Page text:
Tuesday, January 20, 2009

Fish out of water

My mother is a fish.

-William Faulkner, As I Lay Dying.

A staple illustration of biology texts is the diagram of vertebrate forelimbs. The bones, for all their different shapes and sizes, are the same bones. The same basic structures have been used to make legs, flippers and wings.
The beginnings of these later-evolved bones can be found in the fins of the modern-day lungfish and the coelocanth (both pictured below), which are believed to be living fossils from the time fish began to take to land. The structures that became our arms and legs were originally made for moving through water. Our bodies have been bequeathed to us by fish.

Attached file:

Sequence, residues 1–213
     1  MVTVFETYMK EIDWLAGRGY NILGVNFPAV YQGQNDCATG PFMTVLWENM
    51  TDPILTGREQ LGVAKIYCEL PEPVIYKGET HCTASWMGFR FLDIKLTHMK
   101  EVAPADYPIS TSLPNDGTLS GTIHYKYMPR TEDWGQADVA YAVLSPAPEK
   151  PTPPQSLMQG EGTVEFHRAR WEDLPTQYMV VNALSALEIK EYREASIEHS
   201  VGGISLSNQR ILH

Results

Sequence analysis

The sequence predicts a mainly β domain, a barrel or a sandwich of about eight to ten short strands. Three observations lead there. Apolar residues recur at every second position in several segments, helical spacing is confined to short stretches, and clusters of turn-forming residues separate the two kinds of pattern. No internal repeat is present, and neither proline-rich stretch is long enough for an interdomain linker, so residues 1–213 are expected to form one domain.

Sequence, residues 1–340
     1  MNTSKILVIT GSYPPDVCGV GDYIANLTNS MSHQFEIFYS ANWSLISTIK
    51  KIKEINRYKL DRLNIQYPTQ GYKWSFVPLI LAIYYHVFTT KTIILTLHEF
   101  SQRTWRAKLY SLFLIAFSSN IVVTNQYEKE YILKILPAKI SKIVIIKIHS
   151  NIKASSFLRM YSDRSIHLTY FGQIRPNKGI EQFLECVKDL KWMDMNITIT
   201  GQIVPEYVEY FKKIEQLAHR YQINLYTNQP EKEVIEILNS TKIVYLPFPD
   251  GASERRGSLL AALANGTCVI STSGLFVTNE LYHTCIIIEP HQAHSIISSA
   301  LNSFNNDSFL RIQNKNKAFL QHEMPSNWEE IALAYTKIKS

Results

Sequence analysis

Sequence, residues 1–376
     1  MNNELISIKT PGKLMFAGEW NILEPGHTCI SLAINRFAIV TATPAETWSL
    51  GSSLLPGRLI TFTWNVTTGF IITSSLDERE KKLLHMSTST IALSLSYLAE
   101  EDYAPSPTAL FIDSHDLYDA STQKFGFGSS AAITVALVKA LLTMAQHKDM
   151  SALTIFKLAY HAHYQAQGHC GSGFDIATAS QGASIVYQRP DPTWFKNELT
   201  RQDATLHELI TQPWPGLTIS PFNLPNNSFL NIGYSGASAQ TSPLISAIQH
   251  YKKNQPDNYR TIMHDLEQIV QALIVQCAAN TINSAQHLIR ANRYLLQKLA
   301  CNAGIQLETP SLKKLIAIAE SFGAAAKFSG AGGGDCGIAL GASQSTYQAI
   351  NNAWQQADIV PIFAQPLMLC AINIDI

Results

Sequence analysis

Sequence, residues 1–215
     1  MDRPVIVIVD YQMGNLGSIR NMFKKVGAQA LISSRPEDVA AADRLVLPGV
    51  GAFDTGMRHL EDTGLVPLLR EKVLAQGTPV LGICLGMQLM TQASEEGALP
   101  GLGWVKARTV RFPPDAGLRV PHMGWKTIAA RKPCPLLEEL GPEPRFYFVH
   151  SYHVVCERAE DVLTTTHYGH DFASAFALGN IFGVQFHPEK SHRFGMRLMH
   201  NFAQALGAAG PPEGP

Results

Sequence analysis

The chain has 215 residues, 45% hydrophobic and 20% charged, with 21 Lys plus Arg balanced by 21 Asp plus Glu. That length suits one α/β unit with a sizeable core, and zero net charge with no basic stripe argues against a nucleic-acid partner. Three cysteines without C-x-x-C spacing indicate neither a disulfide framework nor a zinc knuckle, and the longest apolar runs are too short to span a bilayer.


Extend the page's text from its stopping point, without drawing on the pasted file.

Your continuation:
But it’s not only our arms and legs they have left us. The earliest fish were jawless animals who sucked, tore and filtered their prey from the water. One theory says that the lower jaw evolved from a bone that was originally an arch to support the gills. The structure that, in human beings, allowed the development of speech, with all the implications of that revolution, might have started out as a bony strut that helped fish to breathe oxygen from water. Maybe the only response to a revelation like this is to let your mouth hang open, and gape wordlessly like a stunned mullet.

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